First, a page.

Tuesday, July 2, 2013

Accepting Your Writing Process

First a reminder! A week from today is the Escape Reality book event at the Provo Library! Bree Despain, Elana Johnson, Jenn Johansson, and I will be talking, giving away prizes, and signing books. So if you can make it on July 9th at 7PM at the Provo Library, I *highly* recommend it. Should be a blast.

Also, I will be giving out five Pop Tart charms. These have been known to start riots, people.

Okay, on to the post!

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After writing seriously for about 8 years, I'm quite familiar with my writing process. I'm a pantser. If you don't know what that means, it's basically the dive-into-a-book-blind method. My first drafts are messy and exploratory. I get a lot of things wrong but somehow manage to find the heart of the story. I tend to focus on plot and character in my drafting, and often have to go back to flesh out the world/setting. I always get stuck at the end of Act I. I flounder through the middle until it all clicks and then the ending finally reveals itself. My revisions are usually quite heavy.

I know these things. I can count on them happening every time I write a book.

And yet, sometimes I still wish I could have someone else's process.

Why yes, I get envious of writers who can outline their whole books and know exactly what they'll be writing that day. I wish I had that kind of organization and, more than that, characters who would cooperate. Because I've tried on more than one occasion to outline, and the story never follows it not ever once or even close.

Because I'm a pantser. Whether I want to be or not.

You'd think I'd know better than to resist my own writing process, but I think it's something all writers go through. Writing a book is hard. And I often think, "There has to be a better, faster, more efficient way to do this. There has to be." So I try to do something new that I think might make it easier, and instead it only makes it harder and I end up going back to what I usually do in the first place.

When I accept my process, things actually do go better. Not perfect, but the writing gets done. I don't know why I sometimes forget this—I forget it way too often.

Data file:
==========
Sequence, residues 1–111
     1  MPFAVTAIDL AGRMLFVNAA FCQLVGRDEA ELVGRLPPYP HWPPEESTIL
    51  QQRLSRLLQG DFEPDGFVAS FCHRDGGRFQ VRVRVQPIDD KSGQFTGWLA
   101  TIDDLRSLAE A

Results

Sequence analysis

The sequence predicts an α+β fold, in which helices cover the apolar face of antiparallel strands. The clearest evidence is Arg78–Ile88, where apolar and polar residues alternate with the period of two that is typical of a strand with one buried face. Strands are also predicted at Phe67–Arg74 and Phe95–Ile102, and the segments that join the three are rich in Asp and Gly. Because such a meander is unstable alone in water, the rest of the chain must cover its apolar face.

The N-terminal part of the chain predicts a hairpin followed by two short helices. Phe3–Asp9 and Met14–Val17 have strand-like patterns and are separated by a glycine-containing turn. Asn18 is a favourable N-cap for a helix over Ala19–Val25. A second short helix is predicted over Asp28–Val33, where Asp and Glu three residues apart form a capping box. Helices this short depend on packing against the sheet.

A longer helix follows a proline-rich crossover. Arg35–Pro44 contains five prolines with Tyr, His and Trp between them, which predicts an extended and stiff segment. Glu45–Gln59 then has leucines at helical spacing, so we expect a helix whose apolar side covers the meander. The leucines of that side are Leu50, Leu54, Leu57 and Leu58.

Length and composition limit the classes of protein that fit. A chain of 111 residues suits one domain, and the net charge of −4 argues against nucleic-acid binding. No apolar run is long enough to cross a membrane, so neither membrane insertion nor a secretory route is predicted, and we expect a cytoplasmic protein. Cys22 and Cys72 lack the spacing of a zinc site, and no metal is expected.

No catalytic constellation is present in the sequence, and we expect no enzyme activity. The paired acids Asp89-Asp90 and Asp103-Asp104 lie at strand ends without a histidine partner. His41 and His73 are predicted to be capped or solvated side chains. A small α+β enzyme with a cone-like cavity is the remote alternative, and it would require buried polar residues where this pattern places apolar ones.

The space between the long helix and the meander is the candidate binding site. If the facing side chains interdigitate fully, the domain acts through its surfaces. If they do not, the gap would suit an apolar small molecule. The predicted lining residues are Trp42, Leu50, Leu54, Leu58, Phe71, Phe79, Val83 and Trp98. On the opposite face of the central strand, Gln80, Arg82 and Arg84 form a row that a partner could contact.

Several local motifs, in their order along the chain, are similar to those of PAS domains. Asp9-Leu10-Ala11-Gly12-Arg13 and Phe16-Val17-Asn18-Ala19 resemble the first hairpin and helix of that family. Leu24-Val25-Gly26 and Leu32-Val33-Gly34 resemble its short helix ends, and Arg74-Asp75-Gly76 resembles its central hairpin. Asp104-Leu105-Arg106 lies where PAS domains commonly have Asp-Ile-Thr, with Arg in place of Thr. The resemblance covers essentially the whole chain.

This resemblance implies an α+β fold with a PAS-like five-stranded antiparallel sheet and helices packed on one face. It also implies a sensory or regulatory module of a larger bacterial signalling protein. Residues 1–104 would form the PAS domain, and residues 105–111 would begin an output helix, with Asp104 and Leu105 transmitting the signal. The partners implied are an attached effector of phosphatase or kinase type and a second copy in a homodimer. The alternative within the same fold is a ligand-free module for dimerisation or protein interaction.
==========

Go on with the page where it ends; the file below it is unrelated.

I'm saying all this because for the last 6 freaking months I've been trying to write a book. I usually finish a first draft in about 3 months, so this has been maddening to know that I'm still not done. But looking back, I know why:

I haven't trusted my process.

I've tried to make my draft perfect. I thought I could do this through outlining, and my story resisted it at every turn. I thought if I planned out everything before I got there the writing would be easier, when in fact it just feels stale to me because the discovery process is gone. And because of these things, I've doubted myself and this story and my confidence is severely lacking—I have a hard time writing anything in that state.

Hindsight's 20/20, right? I wish it'd taken me less time to learn the lesson this year, but I think I'm finally getting it again. Much like you can never write a story like someone else, you can never have someone else's process, either. You have to do what works for you, and it may seem hard but really all the ways to write a book are hard in their own right.

Here's to hoping I listen to my own advice come next draft. Because I'd really like to NOT do this again for awhile.

24 comments:

  1. Without wishing to sound distasteful or bizarre, I could use some of your pants right now.

    I tend to outline, believing that all I'll have to do once my master plan is hatched is to "know exactly what [I'll] be writing that day".

    Hmmm. Not happening right now.

    What all this tells us I suppose is that each new book is like a new baby hedgehog, and you have to learn each one from scratch.